More frightening, he says, was when his body began to reject his new liver.


Rejection isn’t uncommon, Dr. Marvin says. Problems arise when patients don’t follow protocols after surgery — such as taking the many prescribed medications. But if transplant patients follow instructions, “rejection can be treated,” he says. “And with the liver, consequences are low. The liver can take a big hit.”

Dr. White admits he “freaked out” when he realized his liver was being rejected, despite his compliance with protocols. But his care team, which also included transplant surgeon Anil Kotru, MD, was unfazed.

Retired physician Charlie White takes a walk in the woods.

You have the power to donate, too.

If you want to donate your organs after death but prefer to keep that directive to yourself — for example, not on your driver’s license — sign up at donatelife.net. You could save your loved ones from having to make a difficult decision, and you’ll make sure your wishes are honored.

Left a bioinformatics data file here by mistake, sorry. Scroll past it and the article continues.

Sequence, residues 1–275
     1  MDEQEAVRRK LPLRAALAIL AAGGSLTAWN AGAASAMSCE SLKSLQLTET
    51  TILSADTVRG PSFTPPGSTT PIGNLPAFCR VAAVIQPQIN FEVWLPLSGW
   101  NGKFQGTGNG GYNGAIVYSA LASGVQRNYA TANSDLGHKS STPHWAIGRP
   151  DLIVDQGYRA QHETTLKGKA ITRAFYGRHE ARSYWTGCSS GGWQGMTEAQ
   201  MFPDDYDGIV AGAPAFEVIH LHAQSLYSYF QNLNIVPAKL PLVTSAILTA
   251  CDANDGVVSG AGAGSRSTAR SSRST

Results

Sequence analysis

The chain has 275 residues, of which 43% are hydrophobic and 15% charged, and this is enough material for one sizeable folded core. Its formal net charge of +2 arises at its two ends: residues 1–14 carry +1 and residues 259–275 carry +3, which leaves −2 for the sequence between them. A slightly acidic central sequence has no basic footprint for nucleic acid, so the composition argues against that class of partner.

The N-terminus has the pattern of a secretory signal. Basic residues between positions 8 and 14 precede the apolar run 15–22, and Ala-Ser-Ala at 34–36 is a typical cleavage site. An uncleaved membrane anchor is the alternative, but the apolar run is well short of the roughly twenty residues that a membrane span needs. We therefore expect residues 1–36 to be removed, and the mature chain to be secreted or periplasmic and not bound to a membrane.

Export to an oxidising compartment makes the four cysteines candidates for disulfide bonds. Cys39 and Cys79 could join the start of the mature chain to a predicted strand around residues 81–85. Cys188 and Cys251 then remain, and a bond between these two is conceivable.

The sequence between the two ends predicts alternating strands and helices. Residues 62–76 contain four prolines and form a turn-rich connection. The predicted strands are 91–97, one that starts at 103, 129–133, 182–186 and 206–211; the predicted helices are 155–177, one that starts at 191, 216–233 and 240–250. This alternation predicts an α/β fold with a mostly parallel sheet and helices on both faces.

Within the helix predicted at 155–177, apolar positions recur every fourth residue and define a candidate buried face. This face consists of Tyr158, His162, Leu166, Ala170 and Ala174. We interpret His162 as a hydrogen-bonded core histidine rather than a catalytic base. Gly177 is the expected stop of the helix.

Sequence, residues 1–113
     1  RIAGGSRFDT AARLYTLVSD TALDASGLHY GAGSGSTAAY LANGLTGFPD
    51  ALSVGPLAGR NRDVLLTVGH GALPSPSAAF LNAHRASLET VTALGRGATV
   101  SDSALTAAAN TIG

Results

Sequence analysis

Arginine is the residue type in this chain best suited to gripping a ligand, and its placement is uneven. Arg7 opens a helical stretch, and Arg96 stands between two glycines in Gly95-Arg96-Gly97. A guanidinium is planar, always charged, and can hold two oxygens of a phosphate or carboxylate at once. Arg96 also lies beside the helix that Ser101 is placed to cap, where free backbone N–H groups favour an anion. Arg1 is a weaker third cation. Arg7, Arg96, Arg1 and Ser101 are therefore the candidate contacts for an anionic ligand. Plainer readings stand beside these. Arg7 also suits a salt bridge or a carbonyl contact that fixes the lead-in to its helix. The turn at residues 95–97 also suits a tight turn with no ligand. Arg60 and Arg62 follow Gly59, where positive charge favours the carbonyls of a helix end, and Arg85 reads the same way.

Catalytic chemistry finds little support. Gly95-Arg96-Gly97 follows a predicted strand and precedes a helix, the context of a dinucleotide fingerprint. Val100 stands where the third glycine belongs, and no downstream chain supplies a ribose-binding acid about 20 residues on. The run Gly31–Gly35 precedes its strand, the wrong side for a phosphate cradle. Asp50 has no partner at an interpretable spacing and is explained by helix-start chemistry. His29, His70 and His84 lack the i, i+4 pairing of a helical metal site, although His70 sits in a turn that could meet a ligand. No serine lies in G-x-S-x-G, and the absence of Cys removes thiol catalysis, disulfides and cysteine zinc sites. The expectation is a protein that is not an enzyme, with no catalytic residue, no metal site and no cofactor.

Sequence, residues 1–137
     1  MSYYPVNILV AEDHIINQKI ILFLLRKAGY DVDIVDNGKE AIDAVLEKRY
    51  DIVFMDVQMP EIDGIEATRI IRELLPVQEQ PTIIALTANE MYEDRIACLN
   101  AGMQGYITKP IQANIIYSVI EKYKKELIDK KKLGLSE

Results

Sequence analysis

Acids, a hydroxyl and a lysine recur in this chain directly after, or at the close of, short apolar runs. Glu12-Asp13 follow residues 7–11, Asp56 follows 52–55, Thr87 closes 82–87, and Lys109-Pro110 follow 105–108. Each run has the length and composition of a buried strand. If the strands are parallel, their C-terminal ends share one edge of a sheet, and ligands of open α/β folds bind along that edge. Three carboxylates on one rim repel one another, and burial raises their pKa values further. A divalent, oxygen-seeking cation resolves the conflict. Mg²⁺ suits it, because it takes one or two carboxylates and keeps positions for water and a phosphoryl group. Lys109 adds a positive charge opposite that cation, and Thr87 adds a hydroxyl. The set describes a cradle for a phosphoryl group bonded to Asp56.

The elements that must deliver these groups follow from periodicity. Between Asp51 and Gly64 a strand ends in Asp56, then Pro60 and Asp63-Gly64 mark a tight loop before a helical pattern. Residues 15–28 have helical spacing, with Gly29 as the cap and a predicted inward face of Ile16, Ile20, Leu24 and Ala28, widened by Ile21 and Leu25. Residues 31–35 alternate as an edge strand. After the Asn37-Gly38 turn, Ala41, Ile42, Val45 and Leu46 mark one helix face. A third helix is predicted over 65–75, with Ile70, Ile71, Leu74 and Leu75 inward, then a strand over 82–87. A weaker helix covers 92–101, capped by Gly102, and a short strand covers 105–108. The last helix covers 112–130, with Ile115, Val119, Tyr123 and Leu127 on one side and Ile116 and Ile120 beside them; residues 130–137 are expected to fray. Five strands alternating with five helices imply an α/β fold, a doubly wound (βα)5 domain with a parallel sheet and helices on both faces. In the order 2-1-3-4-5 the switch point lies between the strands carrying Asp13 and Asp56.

Want to help fund Geisinger’s transplant program?

Make a donation

Age isn’t (necessarily) a barrier for recipients.

Many factors are considered when determining who’s eligible for organ transplantation, but contrary to popular belief, there’s no specific age limit.

“I’ve performed a kidney transplant on an 83-year-old,” says Michael Marvin, MD, head of Geisinger’s Transplant Department. “Some older people are in better shape than younger people.”

“You’d think I had the common cold,” Dr. White says. “One of the things that amazed me was how the transplant team approaches problems in a cool, calm and objective manner.”

After about five days of steroid treatment, the rejection was reversed. And the number of medications he takes, and medical appointments he attends, have gradually decreased. Four years after his surgery, at age 73, he says he’s “healthier than ever.”

He’s also grateful — to Geisinger, to everyone who supported him, and especially to his donor and donor’s family, who are unknown to him.


Liver transplant, which usually requires a deceased donor, is bittersweet. Dr. Marvin prefers to focus on the positive aspects. Like the selfless gesture — sometimes made by the donor in life and sometimes by a family during a heartbreaking crisis — that extends life for someone else’s loved one.